Much is still being learned about bird migration, but one fact can be said with absolute certainty: Birds do not fly to the moon in winter.
Of all the thoughts that have been given about the seasonal travels of birds, this theory from 1703 is probably the most far-fetched — both in terms of feasibility and mileage. History failed to record this theory’s author, stating only that it was “a person of learning and piety.” His “probable solution” to the annual disappearance of a number of bird species in winter was that they flew to the moon and spent the winter there.
Although fall bird migration does not involve lunar travel, there are many fascinating theories — and equally fascinating questions — about this seasonal occurrence. Much of what is known about fall bird migrations does not fall into the category of clear-cut, definitive facts. Instead, biologists’ knowledge about migration trend more towards general tendencies that are liberally sprinkled with variations.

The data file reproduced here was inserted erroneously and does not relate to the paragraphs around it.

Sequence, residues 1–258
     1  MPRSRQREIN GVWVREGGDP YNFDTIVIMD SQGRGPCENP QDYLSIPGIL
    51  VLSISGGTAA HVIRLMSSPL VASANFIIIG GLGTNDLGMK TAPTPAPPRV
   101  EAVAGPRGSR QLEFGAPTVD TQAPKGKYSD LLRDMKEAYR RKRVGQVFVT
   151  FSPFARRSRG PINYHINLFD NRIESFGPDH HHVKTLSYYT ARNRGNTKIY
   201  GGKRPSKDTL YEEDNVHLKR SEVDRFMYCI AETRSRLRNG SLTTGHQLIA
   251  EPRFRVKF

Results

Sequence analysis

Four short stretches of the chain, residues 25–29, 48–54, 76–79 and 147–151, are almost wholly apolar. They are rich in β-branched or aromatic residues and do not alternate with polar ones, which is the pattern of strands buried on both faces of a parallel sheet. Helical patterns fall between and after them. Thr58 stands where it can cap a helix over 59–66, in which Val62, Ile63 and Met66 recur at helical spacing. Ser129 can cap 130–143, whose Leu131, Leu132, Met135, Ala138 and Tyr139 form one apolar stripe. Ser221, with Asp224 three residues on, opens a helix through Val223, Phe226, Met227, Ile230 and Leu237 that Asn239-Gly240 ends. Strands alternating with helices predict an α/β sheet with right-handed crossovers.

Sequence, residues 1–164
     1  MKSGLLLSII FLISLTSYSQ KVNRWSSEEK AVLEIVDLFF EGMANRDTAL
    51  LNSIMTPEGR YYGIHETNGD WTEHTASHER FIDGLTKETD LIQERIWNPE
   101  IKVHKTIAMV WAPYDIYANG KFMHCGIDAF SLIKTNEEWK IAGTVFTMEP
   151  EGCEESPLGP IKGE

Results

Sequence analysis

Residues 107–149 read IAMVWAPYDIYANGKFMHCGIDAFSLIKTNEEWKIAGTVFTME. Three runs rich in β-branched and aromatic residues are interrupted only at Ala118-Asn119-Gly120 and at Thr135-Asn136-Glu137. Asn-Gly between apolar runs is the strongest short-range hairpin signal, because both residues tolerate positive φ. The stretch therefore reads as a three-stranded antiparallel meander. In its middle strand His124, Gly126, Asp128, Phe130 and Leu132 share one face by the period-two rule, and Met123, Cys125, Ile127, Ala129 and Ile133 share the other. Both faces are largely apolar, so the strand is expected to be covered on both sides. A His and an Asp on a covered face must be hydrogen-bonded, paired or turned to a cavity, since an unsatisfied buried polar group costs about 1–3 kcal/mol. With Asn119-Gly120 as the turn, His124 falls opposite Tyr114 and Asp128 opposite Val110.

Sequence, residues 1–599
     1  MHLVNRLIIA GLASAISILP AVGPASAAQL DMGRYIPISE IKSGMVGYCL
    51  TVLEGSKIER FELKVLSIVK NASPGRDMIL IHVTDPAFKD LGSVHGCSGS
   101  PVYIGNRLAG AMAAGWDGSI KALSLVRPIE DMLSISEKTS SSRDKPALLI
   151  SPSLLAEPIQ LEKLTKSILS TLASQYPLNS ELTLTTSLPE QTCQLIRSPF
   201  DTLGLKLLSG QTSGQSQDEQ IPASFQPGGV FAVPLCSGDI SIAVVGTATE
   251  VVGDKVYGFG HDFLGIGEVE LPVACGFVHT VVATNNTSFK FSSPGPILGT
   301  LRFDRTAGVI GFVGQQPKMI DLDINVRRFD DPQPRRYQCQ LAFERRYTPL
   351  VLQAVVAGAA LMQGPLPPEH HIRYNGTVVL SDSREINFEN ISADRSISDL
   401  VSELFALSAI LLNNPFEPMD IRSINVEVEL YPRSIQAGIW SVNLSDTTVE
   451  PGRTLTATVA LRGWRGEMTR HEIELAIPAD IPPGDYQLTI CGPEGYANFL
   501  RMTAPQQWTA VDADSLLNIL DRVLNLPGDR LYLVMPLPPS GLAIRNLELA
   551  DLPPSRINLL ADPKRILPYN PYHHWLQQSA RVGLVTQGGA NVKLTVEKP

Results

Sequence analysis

For instance, generally speaking, one theory why birds migrate in fall is so they can stay in climates where food sources are readily available. An example of this is the number of insect-eating species that travel south to warmer regions where insects remain active. However, if you want a bird that doesn’t follow this theory, look no farther than the bluebird. Missouri’s state bird eats insects throughout spring and summer but doesn’t migrate. (Its diet switches to vegetative matter in winter.)
Food availability also doesn’t entirely explain why some birds fly a few states south while others travel far into the southern hemisphere.